Visit Parler Paris Après Midi for more information.


The results of the first round of the French departmental elections Sunday were led by former president Nicolas Sarkozy’s conservative UMP party with 29.2%, with Marine Le Pen’s far-right National Front (FN) in second place with 26.3% and the Socialists, as expected in third place with 21.4%.

This is a good sign, in my humble opinion. It means that perhaps some of my predictions about the future of France may come true.

While I don’t know anyone who thinks the National Front should have more power in France than they already do, seeing the UMP party gain strength (more equivalent to the U.S. Democratic Party thinking) and the Socialist Party lag so far behind, means that there is a fighting chance to restore some balance between the capitalist and the socialist ideals.

If this plays out in 2017 when there is a presidential election, I predict that all those who left France for other countries to 1) avoid high taxation or 2) seek job opportunities or 3) create their own businesses — the wealthy, the young, the aspiring — who didn’t really want to leave their native land, but felt they had no choice…will see HOPE and OPPORTUNITY in France that they haven’t seen for the last 5 years.

Not all, but many will return to France to fill the holes they left behind — and with them they will bring a more global view, enhanced language skills, enlightened thinking, bright ideas, an entrepreneurial spirit and a real appreciation for what France has to offer after experiencing life in another culture.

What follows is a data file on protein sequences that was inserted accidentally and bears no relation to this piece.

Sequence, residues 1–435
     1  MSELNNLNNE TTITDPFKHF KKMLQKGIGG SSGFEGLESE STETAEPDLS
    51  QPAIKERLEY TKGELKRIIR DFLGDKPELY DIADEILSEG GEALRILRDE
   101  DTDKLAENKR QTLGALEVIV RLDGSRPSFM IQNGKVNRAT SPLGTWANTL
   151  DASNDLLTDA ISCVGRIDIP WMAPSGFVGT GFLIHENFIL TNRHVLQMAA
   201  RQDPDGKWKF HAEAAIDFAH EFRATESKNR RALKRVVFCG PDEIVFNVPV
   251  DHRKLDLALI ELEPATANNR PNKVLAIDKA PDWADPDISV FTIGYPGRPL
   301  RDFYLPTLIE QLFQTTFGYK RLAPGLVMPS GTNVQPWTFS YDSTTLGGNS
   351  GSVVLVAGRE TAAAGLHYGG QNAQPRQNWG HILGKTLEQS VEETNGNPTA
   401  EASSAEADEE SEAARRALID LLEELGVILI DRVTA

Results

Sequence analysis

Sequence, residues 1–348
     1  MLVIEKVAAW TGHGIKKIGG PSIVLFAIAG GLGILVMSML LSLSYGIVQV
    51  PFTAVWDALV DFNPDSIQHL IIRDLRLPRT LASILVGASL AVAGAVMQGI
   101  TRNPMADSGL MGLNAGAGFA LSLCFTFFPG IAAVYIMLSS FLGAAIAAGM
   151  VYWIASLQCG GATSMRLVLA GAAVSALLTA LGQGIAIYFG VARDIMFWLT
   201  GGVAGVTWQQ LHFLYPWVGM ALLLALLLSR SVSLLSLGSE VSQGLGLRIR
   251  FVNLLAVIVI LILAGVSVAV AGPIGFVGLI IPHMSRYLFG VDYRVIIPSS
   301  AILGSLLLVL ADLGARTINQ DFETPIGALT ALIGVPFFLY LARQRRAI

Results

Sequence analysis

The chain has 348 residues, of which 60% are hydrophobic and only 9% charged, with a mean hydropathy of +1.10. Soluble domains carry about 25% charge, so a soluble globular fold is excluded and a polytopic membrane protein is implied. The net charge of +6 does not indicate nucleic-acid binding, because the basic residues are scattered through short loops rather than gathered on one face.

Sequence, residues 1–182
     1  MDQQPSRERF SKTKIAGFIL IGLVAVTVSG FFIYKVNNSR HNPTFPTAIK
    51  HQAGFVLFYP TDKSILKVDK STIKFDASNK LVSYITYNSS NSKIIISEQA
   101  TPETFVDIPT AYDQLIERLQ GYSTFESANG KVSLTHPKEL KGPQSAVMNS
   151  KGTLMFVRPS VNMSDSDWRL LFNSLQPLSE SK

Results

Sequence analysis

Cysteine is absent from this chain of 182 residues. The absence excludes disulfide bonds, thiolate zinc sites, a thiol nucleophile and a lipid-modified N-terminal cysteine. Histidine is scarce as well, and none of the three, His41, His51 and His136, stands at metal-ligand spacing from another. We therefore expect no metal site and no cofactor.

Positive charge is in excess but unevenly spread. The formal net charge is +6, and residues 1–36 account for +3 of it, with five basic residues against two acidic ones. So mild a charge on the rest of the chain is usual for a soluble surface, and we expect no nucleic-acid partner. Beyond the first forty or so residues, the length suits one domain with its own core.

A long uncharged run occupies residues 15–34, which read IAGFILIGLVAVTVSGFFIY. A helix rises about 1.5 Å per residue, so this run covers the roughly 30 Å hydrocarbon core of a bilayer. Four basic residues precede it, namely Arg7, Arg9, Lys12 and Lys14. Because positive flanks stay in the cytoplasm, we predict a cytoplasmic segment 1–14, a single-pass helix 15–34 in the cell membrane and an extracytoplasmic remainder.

This new injection and resurgence will bring France to new heights. Watch for this to happen in 2017-2020. This is when you and everyone will want to be a part of it. I know I will.


Don’t miss the current exhibition at the Musée des Arts Décoratifs of Piero Fornasetti’s Folie Pratique — more than 1000 pieces retrieved from his incredible archives.

No doubt, you have seen his illustrations before…on scarves, on furniture, on walls and screens, plates, trays and even umbrella stands. He was a painter as well as a decorator, a printer and a publisher, a collector and a merchant. He created a universe: “the subjects imbued with poetry and imagination play with optical illusions, metaphysical landscapes, figures drawn from the comedy of craft and enigmatic and lunar faces depicted in multiple variations.”

The exhibit is nothing short of fun and wonder. You will want to go home with everything you see. Unfortunately, as is often the case, the bookstore and museum shop has missed the mark by not providing souvenirs one can take home at an affordable price. Shame on the merchandisers for leaving us so unsatisfied!


A la prochaine,


Adrian Leeds

The Adrian Leeds Group

(photo by Erica Simone)

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French Property Insider NewsletterP.S. The Financial Planets have Aligned. This could be your best opportunity in years to purchase your home away from home in France. Don’t miss out! See last Thursday’s French Property Insider for details (and be sure to subscribe if you aren’t already!).

P.P.S. Thanks to all of you who contributed to “Nue York: Self-Portraits of a Bare Urban Citizen” by Erica Simone as the project is now 103% funded. But don’t let that stop you from adding your two cents (or more) to the project! And for all my New York friends, you are invited to attend a beautiful one-night photography show curated by Jaci Berkopec, Erica Simone and Monica Watkins tomorrow, Tuesday, March 24th from 6 to 9 p.m. at the Kinfolk Art Gallery (94 Wythe, 11249, Brooklyn, NY) to celebrate the Classical Elements (Water, Air, Fire & Earth)—a benefit for The Foundation for Art In Motion and The Shooting Stars Photography Workshop for Teens at Risk. For more information, visit